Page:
Ag-gag laws have become an increasingly prevalent way for factory farms and slaughterhouses to hide unsafe, inhumane animal treatment practices. But yesterday, a federal judge declared that Idaho’s ag-gag law is unconstitutional because it violates the First Amendment and the Equal Protection Clause of the U.S. Constitution by suppressing speech that criticizes factory farms. The legal challenge was brought by a broad-based public interest coalition of national and local nonprofits, including Center for Food Safety (CFS), the Animal Legal Defense Fund (ALDF), People for the Ethical Treatment of Animals (PETA), and the American Civil Liberties Union (ACLU) of Idaho.
Idaho’s ag-gag law criminalized whistle-blowing activities at agricultural facilities, such as factory farms and slaughterhouses, including audio and video recordings of dangerous food safety and appalling animal welfare violations. Anyone convicted of this conduct could face up to a year in prison or a $5,000 fine. Ag-gag laws are, unsurprisingly, notoriously unpopular with the public. Nationwide thirty-two similar ag-gag measures have failed to pass. But seven other states have ag-gag laws on the books and more states, under pressure from the livestock and poultry industries, continue to try. This makes yesterday’s court decision all the more important.
In his ruling, Judge B. Lynn Winmill explained that “Although the State may not agree with the message certain groups seek to convey about Idaho’s agricultural production facilities, such as releasing secretly recorded videos of animal abuse to the Internet and calling for boycotts, it cannot deny such groups equal protection of the laws in their exercise of their right to free speech.” In other words, the government can’t criminalize Constitutionally-protected speech and silence whistleblowers just because it wants to protect a profitable industry for the state.
The undercover video and photography that ag-gag laws attempt to block have exposed numerous and shocking “industry standards.” These pervasive, systematic procedures include routine mutilation such as debeaking birds with electrically-heated blades and castrating male animals by slicing open their scrotum and ripping their testicles out without pain relief or anesthesia. These animals are then kept in intensive confinement, unable to turn around for months on end. Exposés have also detailed the sickening farming conditions that result in contaminated meat products that pose serious health risks to the public, as well as life threatening conditions for farm workers.
While much of the discussion around ag-gag laws focuses on animal welfare, the laws also seriously threaten our food safety by seeking to stop investigative activities that could keep contaminated food off the market. Three thousand consumers are killed and 48.7 million are sickened each year from ingesting foodborne pathogens. Beef, poultry, and eggs are some of the worst offenders. In 2009 and 2010, eggs tainted with Salmonella were responsible for the most food-related illnesses, and beef and poultry were ranked as the first and fourth commodities most often associated with pathogen outbreaks.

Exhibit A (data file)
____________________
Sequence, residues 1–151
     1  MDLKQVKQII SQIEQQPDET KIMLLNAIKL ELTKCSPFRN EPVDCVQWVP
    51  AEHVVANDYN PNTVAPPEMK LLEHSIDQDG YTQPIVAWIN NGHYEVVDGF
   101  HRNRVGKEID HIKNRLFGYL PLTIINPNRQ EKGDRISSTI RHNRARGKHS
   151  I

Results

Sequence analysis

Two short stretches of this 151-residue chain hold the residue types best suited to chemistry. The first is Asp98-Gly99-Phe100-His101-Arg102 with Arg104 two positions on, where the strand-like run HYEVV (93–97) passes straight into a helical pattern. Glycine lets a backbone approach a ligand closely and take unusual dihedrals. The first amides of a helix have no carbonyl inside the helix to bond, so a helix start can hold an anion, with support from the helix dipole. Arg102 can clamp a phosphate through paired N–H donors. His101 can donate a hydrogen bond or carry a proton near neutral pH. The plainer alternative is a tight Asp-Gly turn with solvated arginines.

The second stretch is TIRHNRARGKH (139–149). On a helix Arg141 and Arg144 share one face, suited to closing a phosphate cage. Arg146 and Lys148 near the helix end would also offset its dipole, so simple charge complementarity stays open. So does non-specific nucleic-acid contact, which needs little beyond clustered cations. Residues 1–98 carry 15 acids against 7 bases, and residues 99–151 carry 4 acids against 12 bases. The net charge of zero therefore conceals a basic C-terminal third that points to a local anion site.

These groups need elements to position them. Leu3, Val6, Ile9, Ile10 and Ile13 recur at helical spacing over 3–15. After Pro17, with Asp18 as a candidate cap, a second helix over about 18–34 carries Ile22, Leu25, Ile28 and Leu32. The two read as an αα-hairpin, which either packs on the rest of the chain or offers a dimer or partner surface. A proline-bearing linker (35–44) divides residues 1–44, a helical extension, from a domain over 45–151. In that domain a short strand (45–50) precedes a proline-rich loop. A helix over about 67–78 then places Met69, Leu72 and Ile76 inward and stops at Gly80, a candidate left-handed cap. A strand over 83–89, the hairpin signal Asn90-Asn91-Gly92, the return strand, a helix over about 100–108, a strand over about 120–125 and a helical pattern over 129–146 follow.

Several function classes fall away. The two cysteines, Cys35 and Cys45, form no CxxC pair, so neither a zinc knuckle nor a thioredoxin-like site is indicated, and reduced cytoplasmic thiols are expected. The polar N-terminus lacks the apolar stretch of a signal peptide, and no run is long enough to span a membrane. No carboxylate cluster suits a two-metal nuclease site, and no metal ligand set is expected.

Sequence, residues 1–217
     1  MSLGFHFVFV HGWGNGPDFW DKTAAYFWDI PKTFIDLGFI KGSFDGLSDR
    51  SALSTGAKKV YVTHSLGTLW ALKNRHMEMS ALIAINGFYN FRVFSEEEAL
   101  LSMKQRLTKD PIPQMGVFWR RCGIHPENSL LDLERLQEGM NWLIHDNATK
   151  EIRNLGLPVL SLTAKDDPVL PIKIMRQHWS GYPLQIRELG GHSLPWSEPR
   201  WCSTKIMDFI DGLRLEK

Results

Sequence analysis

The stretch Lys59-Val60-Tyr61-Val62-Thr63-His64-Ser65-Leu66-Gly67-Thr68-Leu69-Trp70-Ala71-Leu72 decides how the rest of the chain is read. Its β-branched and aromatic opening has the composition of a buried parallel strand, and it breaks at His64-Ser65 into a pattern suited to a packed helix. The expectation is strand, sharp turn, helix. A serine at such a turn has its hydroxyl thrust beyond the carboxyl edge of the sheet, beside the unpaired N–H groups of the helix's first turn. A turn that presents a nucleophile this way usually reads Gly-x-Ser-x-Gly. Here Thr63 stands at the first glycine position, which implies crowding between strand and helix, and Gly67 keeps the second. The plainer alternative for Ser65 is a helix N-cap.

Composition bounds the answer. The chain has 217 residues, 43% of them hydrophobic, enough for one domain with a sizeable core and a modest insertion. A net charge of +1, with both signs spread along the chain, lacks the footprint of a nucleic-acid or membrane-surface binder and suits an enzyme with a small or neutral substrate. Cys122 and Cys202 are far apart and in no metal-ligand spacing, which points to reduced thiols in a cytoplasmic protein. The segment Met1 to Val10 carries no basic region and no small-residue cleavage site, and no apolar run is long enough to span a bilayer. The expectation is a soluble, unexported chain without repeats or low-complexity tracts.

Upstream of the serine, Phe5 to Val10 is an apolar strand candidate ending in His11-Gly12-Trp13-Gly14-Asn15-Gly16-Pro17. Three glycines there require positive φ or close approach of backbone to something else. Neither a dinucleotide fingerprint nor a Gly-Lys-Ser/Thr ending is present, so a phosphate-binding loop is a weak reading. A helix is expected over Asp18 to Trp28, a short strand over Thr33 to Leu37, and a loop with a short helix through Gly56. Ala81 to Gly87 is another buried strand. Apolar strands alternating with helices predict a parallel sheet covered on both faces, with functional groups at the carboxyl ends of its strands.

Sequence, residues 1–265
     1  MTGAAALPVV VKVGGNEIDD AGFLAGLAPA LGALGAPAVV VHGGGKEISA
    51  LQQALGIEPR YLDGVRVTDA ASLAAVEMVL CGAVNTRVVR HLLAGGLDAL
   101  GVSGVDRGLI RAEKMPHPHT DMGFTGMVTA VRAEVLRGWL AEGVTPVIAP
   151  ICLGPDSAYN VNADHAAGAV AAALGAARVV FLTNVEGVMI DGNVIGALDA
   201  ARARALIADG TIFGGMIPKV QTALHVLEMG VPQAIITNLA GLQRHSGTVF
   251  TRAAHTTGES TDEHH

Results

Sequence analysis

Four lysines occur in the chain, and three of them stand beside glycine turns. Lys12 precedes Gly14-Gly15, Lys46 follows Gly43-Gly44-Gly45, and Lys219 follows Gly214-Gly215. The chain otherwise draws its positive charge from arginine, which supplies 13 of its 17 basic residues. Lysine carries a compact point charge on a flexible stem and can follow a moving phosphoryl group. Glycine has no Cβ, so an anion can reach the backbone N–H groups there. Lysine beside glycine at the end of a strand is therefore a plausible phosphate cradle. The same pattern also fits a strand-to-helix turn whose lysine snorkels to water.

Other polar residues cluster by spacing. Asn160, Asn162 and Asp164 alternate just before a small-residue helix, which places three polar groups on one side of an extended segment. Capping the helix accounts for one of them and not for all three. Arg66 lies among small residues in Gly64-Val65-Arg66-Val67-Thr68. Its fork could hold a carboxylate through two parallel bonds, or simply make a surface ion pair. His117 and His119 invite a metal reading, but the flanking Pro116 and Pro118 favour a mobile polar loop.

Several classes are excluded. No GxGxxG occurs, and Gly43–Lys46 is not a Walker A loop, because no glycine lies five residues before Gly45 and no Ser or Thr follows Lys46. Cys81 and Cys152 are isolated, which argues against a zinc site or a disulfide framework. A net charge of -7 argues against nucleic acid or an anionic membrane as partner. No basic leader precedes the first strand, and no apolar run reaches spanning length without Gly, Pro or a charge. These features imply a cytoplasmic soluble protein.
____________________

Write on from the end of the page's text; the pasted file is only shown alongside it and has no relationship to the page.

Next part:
In 2007, an investigator for the Humane Society of the United States documented “egregious” violations of federal regulations at the Hallmark/Westland cattle slaughtering plant in California. The investigator filmed downer cows being pushed with heavy machinery, electrically shocked, and finally dragged to slaughter. As a result of this investigation, officials from the United States Department of Agriculture (USDA)’s Food Safety and Inspection Service admitted they often took shortcuts when inspecting cattle before slaughter. This led to one of the largest beef recalls in U.S. history. In 2009, a hidden camera in a veal slaughtering plant documented a USDA inspector’s failure to shut down the plant after witnessing a worker attempt to skin a live calf that had somehow ended up with the slaughtered calves.
These investigations, and the subsequent media coverage, have led to food safety recalls, citations for environmental and labor violations, evidence of health code violations, plant closures, criminal convictions, and civil litigation. If ag-gag laws are allowed to stand, all of this crucial information would be shielded from the public eye, allowing the industry to continue to violate the law with little to no scrutiny.
As Judge Winmill astutely noted in his ruling, “[A]s the story of Upton Sinclair illustrates, an agricultural facility’s operations that affect food and worker safety are not exclusively a private matter. Food and worker safety are matters of public concern.” He goes on to say, “Protecting the private interests of a powerful industry, which produces the public’s food supply, against public scrutiny is not a legitimate government interest.”
Without the ability to witness, expose, and critique some of the nation’s most powerful industries, we are all vulnerable. This latest ruling affirms our right to call out abuse and change this system from the inside. The court’s decision is an invaluable tool that will directly save lives.